The review process for Registered Reports is divided into two stages. In Stage 1, reviewers assess study proposals before data is collected. In Stage 2, reviewers consider the full study, including results and  interpretation.

Figure 1. The review process for Registered Reports (source: Center For Open Science)

Flowchart RR review process

Review Process

Stage 1 contains an Introduction and Method (see Figure 1): theoretical background, research rationale, questions and hypotheses, results from pilot studies (if any), methods (design, variables, measures, procedure, sample, power analyses, etc.), planned analyses, and guidelines for the interpretation of possible results. Confirmatory analyses should be powered to at least 80%. Full descriptions must be provided of any outcome-neutral criteria that must be met for successful testing of the stated hypotheses. Such quality checks might include the absence of floor or ceiling effects in data distributions, positive controls, or other quality checks that are orthogonal to the experimental hypotheses. Positive controls are planned design aspects that help validate the approach (e.g., the current manipulations). Positive controls are not possible with all study designs, in which case authors should discuss why they are not included.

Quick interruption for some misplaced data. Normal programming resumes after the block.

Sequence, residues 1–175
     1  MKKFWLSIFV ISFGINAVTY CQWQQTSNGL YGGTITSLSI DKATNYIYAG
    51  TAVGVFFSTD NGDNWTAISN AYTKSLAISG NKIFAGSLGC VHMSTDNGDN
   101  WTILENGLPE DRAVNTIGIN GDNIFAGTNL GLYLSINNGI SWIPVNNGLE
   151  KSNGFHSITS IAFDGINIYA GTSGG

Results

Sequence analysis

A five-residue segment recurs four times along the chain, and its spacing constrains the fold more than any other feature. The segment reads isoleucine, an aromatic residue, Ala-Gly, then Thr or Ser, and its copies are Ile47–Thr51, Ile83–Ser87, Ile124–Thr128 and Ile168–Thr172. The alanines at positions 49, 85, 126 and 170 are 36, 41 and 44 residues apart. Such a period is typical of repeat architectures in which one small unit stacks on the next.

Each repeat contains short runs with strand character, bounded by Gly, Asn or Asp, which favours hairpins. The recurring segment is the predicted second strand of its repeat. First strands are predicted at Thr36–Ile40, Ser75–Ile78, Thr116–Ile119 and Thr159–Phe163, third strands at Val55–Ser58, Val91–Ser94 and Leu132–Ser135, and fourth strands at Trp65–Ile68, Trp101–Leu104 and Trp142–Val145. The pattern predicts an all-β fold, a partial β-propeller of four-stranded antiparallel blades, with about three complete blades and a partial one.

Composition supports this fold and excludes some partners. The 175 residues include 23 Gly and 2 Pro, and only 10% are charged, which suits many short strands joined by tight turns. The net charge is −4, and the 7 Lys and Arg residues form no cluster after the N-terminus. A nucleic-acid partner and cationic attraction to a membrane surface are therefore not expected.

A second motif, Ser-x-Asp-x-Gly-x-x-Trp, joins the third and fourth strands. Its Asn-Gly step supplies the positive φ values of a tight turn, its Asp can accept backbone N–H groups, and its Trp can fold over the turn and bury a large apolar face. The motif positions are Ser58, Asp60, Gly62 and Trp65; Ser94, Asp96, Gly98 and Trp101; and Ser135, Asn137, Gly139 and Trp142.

Editors may desk-reject the submission. Editors can also send Stage 1 out for review, and if reviews are favourable, the authors can revise the conceptualization and proposed methods. If the reviewers and editor approve a Stage 1 submission, then the authors receive In-Principle Acceptance, meaning that the journal commits to publishing the final manuscript regardless of the results. The first version of the report can be submitted either (a) before the data are gathered (Registered Report - Pre-Data) or (b) before existing (e.g., secondary) data have been examined (Registered Report - Post-Data).